Ellen G. White Writings

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Lift Him Up, Page 250

The Eternal Weight of Glory, August 24

We fix our eyes not on what is seen, but on what is unseen. For what is seen is temporary, but what is unseen is eternal. 2 Corinthians 4:18, NIV.

The years of self-denial, of privation, of trial, affliction, and persecution that Paul endured, he called a moment. The things of the present time were not considered worth mentioning when compared with the eternal weight of glory that awaited them when the warfare should be over. These very afflictions were God's workmen, ordained for the perfection of Christian character. Whatever may be the circumstances of the Christian, however dark and mysterious may be the ways of Providence, however great his deprivation and suffering, he may look away from them all to the unseen and the eternal. He has the blessed assurance that all things are working for his good....

The Holy Spirit irradiated the soul of Paul with light from heaven, and he was assured that he had an interest in the purchased possession reserved for the faithful. Paul's language was strong. He was not able to find words of sufficient force to express the excellency of that glory, honor, and immortality which believers would receive when Christ should come. Compared with the scene upon which his mind's eye was dwelling, all temporal afflictions were but momentary, light afflictions, unworthy of thought. Viewed in the light of the cross, the things of this life were vanity and emptiness. The glory that attracted him was substantial, weighty, durable, beyond the power of language to describe.

Yet Paul comes as near to expressing it as he can, that the imagination may grasp the reality as far as is possible to finite minds. It was a weight of glory, a fullness of God, knowledge that was measureless. It was an eternal weight of glory. And yet Paul feels that his language is tame. It falls short of expressing the reality. He reaches out for words more expressive. The boldest figures of speech would fall far short of the truth. He seeks the broadest terms which human language can supply, that the imagination may grasp in some degree the superlative excellency of the glory to be given the final overcomer.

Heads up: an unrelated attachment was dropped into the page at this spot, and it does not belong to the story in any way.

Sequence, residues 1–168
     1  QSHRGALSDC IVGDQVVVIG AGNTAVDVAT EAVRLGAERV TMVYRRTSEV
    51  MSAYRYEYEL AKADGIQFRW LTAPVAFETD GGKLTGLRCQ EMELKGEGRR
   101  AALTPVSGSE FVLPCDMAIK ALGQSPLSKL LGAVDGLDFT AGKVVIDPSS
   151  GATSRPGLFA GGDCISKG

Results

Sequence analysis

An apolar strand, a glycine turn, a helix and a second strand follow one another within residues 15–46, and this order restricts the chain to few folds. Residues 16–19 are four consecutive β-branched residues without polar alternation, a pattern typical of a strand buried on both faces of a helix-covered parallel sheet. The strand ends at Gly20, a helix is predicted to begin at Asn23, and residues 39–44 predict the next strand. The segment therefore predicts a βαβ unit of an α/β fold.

Holiness, dignity, honor, and felicity [happiness] in the presence of God are things now unseen except by the eye of faith. But the things which are seen, worldly honor, worldly pleasure, riches, and glory, are eclipsed by the excellency, the beauty, and resplendent glory of the things now unseen. The things of this world are temporal, enduring only for a time, while the things which are not seen are eternal, enduring through endless ages. To secure this infinite treasure is to gain everything and lose nothing (The S.D.A. Bible Commentary, Ellen G. White Comments, vol. 6, 1099, 1100).

In the future we shall see how closely all our trials were connected with our salvation, and how these light afflictions worked out for us “a far more exceeding and eternal weight of glory” (2 Corinthians 4:17) (Letter 5, 1880).

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